A breakthrough can advance quantum computing

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Researchers at the University of Tsukuba have achieved micrometer spatial resolution for radiofrequency imaging of nitrogen vacancy centers in diamond by signal enhancing with quantum spin-locking. This work could lead to more precise characterization of materials, medical diagnostics and quantum computers. Credit: University of Tsukuba

Researchers at the University of Tsukuba are using radio frequency waves to image “locked” flaws in diamond with record resolution, which may lead to advances in materials characterization and quantum computing.

Scientists from the University of Tsukuba’s Division of Physics have used the quantum effect called “spin lock” to dramatically improve resolution when imaging nitrogen starvation defects in diamond by radiofrequency. This work could lead to faster and more accurate materials analysis, as well as a path to practical quantum computers.

Nitrogen vacancy (NV) centers have long been studied for their potential use in quantum computers. An NV center is a type of defect in the lattice of a diamond, in which two adjacent carbon atoms have been replaced by a nitrogen atom and a void. This leaves an unpaired electron, which can be detected using radio frequency waves, since its probability of emitting a photon depends on its spin state. However, the spatial resolution of radio wave detection using conventional radio frequency techniques has remained less than optimal.

Now researchers at the University of Tsukuba have pushed the resolution to its limit using a technique called “spin-locking”. The microwave pulses are used to put the spin of the electron into a top-down quantum superposition simultaneously. Then, a driving electromagnetic field causes the direction of the spin to precess, like a wobbling top. The end result is an electronic spin shielded from random noise but strongly coupled to the detection equipment. “The twist lock ensures a high precision and the sensitivity of electromagnetic field imaging,” says first author Professor Shintaro Nomura. Due to the high density of NV centers in the diamond samples used, the collective signal they produced could be easily picked up with this method. This allowed the detection of collections of NV centers at the micrometer scale. “The spatial resolution we achieved with RF imaging was much better than with existing similar methods,” Prof. Nomura continues, “and it was only limited by the resolution of the light microscope we used.”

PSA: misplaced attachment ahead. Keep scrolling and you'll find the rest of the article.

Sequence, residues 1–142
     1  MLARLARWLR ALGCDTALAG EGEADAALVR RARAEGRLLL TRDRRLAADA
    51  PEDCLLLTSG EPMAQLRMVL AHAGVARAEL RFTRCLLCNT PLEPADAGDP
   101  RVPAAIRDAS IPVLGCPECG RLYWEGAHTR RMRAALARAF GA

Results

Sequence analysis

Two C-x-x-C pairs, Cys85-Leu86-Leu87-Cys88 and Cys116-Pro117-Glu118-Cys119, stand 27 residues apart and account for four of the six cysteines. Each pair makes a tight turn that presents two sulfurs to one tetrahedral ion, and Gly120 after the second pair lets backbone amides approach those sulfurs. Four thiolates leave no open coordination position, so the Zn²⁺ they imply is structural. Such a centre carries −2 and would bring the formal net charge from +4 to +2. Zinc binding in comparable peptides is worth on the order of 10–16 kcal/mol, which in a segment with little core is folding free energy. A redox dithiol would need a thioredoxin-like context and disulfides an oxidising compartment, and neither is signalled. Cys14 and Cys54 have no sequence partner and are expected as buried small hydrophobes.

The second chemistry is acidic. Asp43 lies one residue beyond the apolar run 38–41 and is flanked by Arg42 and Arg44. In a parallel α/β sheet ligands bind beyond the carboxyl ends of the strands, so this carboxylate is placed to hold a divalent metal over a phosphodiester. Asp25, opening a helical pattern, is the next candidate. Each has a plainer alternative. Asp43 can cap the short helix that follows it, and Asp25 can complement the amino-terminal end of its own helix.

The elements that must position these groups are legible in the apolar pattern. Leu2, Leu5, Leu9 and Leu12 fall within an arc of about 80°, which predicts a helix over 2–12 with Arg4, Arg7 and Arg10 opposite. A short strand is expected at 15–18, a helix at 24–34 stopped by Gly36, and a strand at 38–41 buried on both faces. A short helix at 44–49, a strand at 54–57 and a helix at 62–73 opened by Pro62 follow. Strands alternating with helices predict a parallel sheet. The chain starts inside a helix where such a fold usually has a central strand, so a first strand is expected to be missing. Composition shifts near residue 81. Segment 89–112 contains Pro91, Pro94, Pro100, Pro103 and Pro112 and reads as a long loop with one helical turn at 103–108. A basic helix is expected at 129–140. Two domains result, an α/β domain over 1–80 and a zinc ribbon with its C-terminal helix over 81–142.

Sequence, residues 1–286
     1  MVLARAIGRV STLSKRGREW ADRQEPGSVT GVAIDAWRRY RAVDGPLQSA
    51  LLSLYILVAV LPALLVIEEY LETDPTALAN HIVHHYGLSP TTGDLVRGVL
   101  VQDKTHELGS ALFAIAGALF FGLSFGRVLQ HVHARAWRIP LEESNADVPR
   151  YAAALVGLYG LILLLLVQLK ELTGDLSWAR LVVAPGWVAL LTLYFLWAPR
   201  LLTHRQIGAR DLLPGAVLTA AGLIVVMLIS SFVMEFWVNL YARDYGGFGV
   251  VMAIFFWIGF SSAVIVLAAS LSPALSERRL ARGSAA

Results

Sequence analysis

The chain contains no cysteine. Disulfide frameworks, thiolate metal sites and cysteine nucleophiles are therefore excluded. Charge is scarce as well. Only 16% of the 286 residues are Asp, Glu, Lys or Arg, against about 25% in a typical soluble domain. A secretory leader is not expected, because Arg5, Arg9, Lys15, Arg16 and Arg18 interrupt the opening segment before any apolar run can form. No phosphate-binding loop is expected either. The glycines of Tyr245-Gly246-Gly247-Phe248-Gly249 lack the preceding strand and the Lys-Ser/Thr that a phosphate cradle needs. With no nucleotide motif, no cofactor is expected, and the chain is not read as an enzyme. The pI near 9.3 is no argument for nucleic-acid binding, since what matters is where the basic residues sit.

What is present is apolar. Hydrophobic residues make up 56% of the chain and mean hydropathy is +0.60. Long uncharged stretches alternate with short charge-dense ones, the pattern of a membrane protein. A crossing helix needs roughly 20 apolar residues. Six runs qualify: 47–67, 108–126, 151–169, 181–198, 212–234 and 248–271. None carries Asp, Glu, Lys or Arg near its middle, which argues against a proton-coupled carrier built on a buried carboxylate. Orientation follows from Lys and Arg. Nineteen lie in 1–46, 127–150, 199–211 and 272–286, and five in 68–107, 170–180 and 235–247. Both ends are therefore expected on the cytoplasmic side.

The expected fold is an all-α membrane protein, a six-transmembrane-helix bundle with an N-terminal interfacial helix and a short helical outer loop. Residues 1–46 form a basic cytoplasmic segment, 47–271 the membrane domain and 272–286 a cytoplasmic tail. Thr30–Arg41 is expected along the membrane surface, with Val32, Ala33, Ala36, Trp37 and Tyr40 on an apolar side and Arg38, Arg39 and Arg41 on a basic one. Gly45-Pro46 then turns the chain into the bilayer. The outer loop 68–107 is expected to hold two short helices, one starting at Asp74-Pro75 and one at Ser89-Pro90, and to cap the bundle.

The approach demonstrated in this project can be applied in a wide variety of application areas, for example, characterizations of polar molecules, polymers and proteins, as well as the characterization of materials. It could also be used in medical applications, for example, as a new way to perform magnetocardiography.

Reference: “Rotation-locked near-field radiofrequency imaging with a nitrogen-vacancy spin sensor” by Shintaro Nomura, Koki Kaida, Hideyuki Watanabe, and Satoshi Kashiwaya, July 9, 2021, Japanese Journal of Applied Physics.
DOI: 10.1063/5.0052161

The book is published in Journal of Applied Physics as “Spin-lock near-field radiofrequency imaging with a vacant nitrogen spin sensor” selected as featured article.

This work was supported in part by a Scientific Research Assistance Grant (nos. JP18H04283, 291 JP18H01243, JP18K18726, and JP21H01009) from the Japan Society for the Promotion of 292 Science.

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